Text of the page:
THE TORRENTIAL RAIN in the first week of September pummels the youth crew’s tents at night, depositing mud and sediment in the creek where they pump water for drinking. For seventeen days, the teenagers I recruited to build trails for the North Cascades National Park are camping during one of the heaviest storms in a hundred years. The river coughs thick, brown mudslides onto State Route 20, blocking road access from the west. Instead of a three-and-a-half-hour drive to pick them up, I begin a seven-hour journey eastward from Seattle through rock formations that dart out like deer from the light-green sagebrush.
Arriving in the dark, I find the Pearrygin Lake campground outside of the Old West town of Winthrop barely occupied. The warm air is without insects, so I tuck myself in on the grass behind the white twelve-passenger van I have rented to pick up the crew. Lying out under the stars without the nylon canopy of my tent, I nestle into the reflection of the half-moon and backlit mountains in the lake.
Despite my comfort, I am acutely aware that I am at-risk: Black. Woman. Alone. Camping. Even in the disguising cloak of moonlight shadows, I need protection. I sleep with the van keys in my pocket and practice grabbing them to push the panic button in case of danger.
The spring chinook populations in the watersheds around Route 20 are labeled “at-risk populations” when the Forest Service discusses road analysis in the Methow River subbasin and its watersheds. They are protected under the Endangered Species Act. Protecting an endangered species means changing the practices in an entire ecosystem to safeguard their survival. It means managing the loss of their habitat, the turbidity of their waters, the surface water runoff from the streets that threatens them, and the effluents from the wastewater that disrupt their endocrine systems and, if unchecked, will cause their extinction.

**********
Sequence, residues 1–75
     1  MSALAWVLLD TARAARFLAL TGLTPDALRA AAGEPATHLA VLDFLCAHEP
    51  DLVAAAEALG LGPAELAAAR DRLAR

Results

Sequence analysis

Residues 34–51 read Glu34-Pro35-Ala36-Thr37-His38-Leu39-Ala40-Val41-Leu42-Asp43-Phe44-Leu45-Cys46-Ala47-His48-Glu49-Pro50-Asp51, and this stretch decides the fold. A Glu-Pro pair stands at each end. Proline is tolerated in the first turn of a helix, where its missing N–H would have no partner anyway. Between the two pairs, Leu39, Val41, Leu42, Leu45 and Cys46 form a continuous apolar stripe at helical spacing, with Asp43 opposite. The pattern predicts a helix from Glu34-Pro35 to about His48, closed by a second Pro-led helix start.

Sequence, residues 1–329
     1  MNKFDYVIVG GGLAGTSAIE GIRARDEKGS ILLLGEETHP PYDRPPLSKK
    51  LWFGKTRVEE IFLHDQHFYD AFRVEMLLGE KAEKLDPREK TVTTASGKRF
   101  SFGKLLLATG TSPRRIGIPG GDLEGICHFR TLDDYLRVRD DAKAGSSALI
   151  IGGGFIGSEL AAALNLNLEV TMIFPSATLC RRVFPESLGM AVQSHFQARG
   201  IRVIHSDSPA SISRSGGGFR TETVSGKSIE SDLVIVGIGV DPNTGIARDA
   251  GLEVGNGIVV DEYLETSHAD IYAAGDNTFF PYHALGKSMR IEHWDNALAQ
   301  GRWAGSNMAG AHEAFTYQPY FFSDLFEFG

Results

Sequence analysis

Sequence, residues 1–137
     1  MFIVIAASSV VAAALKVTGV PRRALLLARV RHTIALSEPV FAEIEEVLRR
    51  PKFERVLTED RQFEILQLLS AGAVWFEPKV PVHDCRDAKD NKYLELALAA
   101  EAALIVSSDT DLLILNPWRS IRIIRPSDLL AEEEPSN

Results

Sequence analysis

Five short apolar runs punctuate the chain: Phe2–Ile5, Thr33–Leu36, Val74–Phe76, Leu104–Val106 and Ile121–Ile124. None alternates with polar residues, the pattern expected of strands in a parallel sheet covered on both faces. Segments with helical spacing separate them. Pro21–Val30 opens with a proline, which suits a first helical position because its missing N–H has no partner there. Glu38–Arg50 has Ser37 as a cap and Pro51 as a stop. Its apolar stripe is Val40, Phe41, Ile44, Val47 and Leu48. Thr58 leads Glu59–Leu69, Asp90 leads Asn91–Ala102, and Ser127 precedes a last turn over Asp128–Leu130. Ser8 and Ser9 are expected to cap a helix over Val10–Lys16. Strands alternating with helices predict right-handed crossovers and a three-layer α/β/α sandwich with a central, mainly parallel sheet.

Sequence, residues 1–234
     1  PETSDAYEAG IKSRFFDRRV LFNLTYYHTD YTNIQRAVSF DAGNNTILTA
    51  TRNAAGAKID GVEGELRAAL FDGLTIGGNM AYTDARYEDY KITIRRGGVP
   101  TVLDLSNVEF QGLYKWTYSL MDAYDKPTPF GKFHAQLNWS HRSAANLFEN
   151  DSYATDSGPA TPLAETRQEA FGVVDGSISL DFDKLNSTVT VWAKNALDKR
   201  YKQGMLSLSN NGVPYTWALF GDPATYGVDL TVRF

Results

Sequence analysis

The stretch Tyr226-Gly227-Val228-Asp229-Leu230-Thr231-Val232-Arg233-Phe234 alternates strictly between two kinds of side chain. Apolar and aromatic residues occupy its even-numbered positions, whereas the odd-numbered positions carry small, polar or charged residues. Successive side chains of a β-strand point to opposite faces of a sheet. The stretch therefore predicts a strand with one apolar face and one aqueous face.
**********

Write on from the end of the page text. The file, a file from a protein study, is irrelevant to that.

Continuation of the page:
Every year salmon return to the rivers where they were born. And every year, I return to the birthplace of the wilderness program I developed to nurture the next generation of outdoor leaders in the cathedral peaks and azure lakes of the North Cascades. This year, the wettest August followed by the heavy rains of September threatened both my crew of nascent campers and the eggs of the spawning salmon.
My youth crews are Black. Latino. Urban. This is what the woman at a party hears when I describe them. “Oh, you work with at-risk youth,” she says. She doesn’t hear Volunteer. College Student. Intern. Outdoor Leader. The “at-risk” label is different for youth than it is for salmon. “At-risk” isn’t a protection but a limitation, a judgment, an assumption. Even when the threats to their survival are the same as to an endangered species — an unstable habitat, lack of nutrition, and a damaged social and natural ecosystem — the label leaves them at a deficit, offers no promise for protection.
In the case of the salmon, being protected as an endangered species alerts us to the fullness of their connection to a magnificent web. Their relationship to threatened indigenous cultures and to other endangered species like the majestic orca whales is valued. Their label protects them.
I tell the woman at the party, “All youth are at-risk—the risks are just different.” And some are endangered.